Making Governments Listen to Community Aspirations

Our community partners are not satisfied with merely pursuing their own development goals; they have also insisted that the Ghanaian government recognize and respect their aspirations. In pursuit of this goal, the four villages each designed a Community Vision Board (CVB). The CVB identifies a community’s top five goals and depicts several developmental projects that could help them achieve each goal. Communities have also identified stakeholders who may undermine or support their goals and develop comprehensive strategies to advocate with these stakeholders to achieve their goals. The CVBs have been converted into community development narratives that were incorporated in the current Medium-Term Plan of the Nkoranza South Municipal Assembly – a first in Brong Ahafo Region and possibly in all of Ghana.

Short and Long-Term Impact

Already, the FCAP has had a long-term impact on the well-being of the four communities. Through their weekly meetings and the newly acquired habit of collective action planning, our communities have healed internal political divides, reached out across ethnic lines to build a unified vision, and  for the first time prioritized the development goals of women. Through the FCAP process, one community found the courage to stand up to intimidation and trickery by a traditional chief who wants to expel them from their land. Another began building its own infrastructure projects without waiting for external encouragement.

All four of these original communities chose to resist the Ghana National Petroleum Company when it tried to conduct seismic testing on their land.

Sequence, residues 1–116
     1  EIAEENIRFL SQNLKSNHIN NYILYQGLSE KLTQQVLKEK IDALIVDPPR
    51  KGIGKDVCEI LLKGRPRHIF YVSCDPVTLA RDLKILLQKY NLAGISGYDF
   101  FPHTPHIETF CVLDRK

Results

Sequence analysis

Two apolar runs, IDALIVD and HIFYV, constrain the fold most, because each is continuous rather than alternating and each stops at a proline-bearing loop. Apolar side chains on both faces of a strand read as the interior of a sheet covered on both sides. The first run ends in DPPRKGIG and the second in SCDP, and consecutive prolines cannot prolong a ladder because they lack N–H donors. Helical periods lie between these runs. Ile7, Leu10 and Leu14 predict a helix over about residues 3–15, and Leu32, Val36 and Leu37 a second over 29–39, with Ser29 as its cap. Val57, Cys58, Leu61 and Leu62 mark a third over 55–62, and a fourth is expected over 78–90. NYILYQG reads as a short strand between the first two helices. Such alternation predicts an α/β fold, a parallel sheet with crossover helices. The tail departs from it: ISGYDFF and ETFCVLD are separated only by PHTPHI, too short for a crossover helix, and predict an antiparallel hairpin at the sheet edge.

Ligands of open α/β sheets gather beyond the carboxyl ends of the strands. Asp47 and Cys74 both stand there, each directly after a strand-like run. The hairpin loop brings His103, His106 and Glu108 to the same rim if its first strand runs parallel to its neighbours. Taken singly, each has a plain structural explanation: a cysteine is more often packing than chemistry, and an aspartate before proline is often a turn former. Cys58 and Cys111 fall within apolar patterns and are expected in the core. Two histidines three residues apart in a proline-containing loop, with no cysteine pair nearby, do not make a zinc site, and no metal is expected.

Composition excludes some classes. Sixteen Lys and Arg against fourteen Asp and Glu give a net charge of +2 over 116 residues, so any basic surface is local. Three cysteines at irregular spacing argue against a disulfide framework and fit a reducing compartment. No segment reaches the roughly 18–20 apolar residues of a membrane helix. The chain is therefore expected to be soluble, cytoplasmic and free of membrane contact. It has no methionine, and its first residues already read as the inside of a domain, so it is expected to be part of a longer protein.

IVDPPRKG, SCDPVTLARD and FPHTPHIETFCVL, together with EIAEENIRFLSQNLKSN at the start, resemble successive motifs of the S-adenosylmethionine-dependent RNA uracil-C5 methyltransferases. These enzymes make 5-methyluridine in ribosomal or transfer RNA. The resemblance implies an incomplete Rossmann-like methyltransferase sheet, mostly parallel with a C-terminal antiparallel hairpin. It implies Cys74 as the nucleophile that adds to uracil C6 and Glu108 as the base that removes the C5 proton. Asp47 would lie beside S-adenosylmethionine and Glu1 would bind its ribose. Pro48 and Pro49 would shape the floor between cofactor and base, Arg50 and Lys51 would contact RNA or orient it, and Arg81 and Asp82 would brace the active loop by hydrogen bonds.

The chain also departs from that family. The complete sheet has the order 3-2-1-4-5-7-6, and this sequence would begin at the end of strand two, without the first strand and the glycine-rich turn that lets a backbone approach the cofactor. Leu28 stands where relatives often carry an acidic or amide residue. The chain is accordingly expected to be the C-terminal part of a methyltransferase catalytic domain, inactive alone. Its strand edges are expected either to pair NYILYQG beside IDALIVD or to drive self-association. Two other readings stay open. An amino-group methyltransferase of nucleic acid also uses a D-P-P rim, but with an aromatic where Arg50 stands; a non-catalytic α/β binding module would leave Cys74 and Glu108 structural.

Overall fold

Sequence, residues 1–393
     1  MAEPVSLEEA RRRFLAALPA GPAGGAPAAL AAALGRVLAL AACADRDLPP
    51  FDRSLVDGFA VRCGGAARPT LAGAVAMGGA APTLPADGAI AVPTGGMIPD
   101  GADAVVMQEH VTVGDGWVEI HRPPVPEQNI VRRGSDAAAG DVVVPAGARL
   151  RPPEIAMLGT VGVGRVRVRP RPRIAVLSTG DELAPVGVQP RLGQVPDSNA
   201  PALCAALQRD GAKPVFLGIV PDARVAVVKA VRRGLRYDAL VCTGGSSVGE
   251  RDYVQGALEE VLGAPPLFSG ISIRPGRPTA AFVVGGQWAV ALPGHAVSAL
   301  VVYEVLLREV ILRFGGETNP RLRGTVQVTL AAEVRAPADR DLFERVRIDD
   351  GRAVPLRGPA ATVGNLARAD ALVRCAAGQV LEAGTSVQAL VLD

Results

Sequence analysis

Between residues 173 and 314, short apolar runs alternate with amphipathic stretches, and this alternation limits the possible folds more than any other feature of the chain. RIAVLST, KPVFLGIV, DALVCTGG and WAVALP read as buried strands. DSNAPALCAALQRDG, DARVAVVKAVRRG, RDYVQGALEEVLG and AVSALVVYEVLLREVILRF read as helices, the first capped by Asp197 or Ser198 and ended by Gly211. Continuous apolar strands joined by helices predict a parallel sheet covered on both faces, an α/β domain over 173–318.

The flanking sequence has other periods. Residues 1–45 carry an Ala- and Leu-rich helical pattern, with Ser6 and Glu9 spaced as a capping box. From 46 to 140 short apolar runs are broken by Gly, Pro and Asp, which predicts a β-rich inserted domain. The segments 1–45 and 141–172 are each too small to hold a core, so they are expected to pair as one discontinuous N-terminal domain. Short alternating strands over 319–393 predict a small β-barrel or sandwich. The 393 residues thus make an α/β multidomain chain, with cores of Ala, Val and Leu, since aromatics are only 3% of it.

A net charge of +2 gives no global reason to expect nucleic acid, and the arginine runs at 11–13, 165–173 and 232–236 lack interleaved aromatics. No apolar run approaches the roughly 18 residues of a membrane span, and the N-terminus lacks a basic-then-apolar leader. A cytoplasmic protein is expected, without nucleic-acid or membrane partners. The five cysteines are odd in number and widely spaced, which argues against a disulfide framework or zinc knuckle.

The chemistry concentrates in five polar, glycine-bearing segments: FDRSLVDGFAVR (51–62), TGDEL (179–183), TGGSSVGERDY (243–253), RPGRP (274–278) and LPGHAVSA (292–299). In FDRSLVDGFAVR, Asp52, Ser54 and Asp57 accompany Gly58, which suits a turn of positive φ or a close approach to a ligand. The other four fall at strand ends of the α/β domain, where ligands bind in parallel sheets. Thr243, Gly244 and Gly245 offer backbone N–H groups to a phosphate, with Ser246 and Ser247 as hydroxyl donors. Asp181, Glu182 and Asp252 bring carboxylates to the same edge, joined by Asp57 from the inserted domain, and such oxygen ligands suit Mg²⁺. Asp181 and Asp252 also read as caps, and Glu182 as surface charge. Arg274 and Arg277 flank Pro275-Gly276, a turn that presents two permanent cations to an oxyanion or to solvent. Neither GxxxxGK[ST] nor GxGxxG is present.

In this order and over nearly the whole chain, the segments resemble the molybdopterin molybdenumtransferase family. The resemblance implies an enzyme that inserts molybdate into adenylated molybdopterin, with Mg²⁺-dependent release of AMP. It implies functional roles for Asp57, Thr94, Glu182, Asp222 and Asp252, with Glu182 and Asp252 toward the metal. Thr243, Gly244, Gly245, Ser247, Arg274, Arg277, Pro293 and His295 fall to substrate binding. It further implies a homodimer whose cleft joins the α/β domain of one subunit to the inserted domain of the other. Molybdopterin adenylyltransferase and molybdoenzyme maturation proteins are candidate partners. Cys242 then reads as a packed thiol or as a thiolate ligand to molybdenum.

These examples of unification, strengthening, and inclusivity will give the communities long-term capacity to resist destructive forces and pursue their own chosen development pathway.

Communities Choose How to Use Their Microgrants


ACA earmarked $9,000 USD to support each of the communities’ development visions, with Donkro Nkwanta receiving a double grant due to its relatively large size. The communities are using these funds – along with their own cash and in-kind contributions – to implement and operate a project that will help them achieve the development goals they chose through the FCAP process.

Kyeredeso– a community with a population of 1,500 – used the microgrant to build a health center, which will reduce rampant infant mortality and improve the health of the community in general. Now that the clinic is built and partially operational, the community is working to install electricity and running water, which will allow the clinic to run 24/7.

Nwoase– a community of 800 – used the microgrant to build teachers’ quarters to improve the quality of education in the community. Now that the accommodations have been built, teacher absenteeism has dropped and parents have been able to bring their children back to Nwoase from other villages, where they were boarding in order to attend higher-quality schools.

Salamkrom– a community of 1,200 – used the microgrant to build health workers’ accommodations. Salamkrom already has a health center but has been struggling for over eight years to get health workers posted to the community due to the lack of suitable living quarters. Now that health workers are lodged in high-quality bungalows, the Ghana Health Service has upgraded the clinic’s status, and it is now host to a nurses’ training program.

Donkro Nkwanta– a community of over 6,000 – used its microgrant to build a community center where community members will have periodic meetings and organize other events to generate income for the implementation of other projects on their Community Vision Board.

fr_FRFrench en_USEnglish